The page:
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Possibility of selectively erasing unwanted memories

Sep. 10, 2013 — The human brain is exquisitely adept at linking seemingly random details into a cohesive memory that can trigger myriad associations — some good, some not so good. For recovering addicts and individuals suffering from post-traumatic stress disorder (PTSD), unwanted memories can be devastating. Former meth addicts, for instance, report intense drug cravings triggered by associations with cigarettes, money, even gum (used to relieve dry mouth), pushing them back into the addiction they so desperately want to leave.Now, for the first time, scientists from the Florida campus of The Scripps Research Institute (TSRI) have been able to erase dangerous drug-associated memories in mice and rats without affecting other more benign memories.The surprising discovery, published this week online ahead of print by the journal Biological Psychiatry, points to a clear and workable method to disrupt unwanted memories while leaving the rest intact.”Our memories make us who we are, but some of these memories can make life very difficult,” said Courtney Miller, a TSRI assistant professor who led the research. “Not unlike in the movie Eternal Sunshine of the Spotless Mind, we’re looking for strategies to selectively eliminate evidence of past experiences related to drug abuse or a traumatic event. Our study shows we can do just that in mice — wipe out deeply engrained drug-related memories without harming other memories.”Changing the Structure of MemoryTo produce a memory, a lot has to happen, including the alteration of the structure of nerve cells via changes in the dendritic spines — small bulb-like structures that receive electrochemical signals from other neurons. Normally, these structural changes occur via actin, the protein that makes up the infrastructure of all cells.In the new study, the scientists inhibited actin polymerization — the creation of large chainlike molecules — by blocking a molecular motor called myosin II in the brains of mice and rats during the maintenance phase of methamphetamine-related memory formation.Behavioral tests showed the animals immediately and persistently lost memories associated with methamphetamine — with no other memories affected.In the tests, animals were trained to associate the rewarding effects of methamphetamine with a rich context of visual, tactile and scent cues. When injected with the inhibitor many days later in their home environment, they later showed a complete lack of interest when they encountered drug-associated cues. At the same time, the response to other memories, such as food rewards, was unaffected.While the scientists are not yet sure why powerful methamphetamine-related memories are also so fragile, they think the provocative findings could be related to the role of dopamine, a neurotransmitter involved in reward and pleasure centers in the brain and known to modify dendritic spines. Previous studies had shown dopamine is released during both learning and drug withdrawal. …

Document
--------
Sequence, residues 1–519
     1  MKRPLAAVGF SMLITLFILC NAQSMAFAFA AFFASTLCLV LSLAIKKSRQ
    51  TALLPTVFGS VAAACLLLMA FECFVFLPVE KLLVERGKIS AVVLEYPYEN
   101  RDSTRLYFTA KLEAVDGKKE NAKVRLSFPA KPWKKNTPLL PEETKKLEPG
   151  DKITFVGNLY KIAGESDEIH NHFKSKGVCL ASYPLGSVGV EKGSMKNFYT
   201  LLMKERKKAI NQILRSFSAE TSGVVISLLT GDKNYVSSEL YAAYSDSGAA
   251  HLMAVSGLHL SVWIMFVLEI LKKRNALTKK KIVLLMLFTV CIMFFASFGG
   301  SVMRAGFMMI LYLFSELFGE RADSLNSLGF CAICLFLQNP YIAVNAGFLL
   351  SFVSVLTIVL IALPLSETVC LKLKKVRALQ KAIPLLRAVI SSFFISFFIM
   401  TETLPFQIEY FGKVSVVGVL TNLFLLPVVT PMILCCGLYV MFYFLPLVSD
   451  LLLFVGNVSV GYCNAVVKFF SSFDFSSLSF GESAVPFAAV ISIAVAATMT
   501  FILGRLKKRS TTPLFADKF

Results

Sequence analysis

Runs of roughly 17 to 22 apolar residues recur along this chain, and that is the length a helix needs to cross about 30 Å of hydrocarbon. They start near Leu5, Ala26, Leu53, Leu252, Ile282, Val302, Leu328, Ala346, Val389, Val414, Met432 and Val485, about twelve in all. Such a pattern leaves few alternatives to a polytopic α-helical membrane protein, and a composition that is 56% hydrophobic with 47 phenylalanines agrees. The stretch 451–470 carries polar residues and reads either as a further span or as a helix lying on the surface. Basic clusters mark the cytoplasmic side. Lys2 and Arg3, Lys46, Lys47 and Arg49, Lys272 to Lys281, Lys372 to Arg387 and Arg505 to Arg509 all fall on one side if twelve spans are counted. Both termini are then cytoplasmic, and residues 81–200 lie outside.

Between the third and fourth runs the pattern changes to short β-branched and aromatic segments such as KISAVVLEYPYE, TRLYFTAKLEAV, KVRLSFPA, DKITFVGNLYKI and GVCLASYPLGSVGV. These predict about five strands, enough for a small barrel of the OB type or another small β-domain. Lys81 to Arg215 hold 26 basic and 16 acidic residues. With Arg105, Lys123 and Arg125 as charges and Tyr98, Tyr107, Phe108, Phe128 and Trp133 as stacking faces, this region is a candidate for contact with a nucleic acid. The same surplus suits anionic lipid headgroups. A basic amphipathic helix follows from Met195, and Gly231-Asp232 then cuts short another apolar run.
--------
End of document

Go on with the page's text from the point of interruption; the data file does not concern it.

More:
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Canine remote control, using your smart phone? Hands-free dog walking for the digital age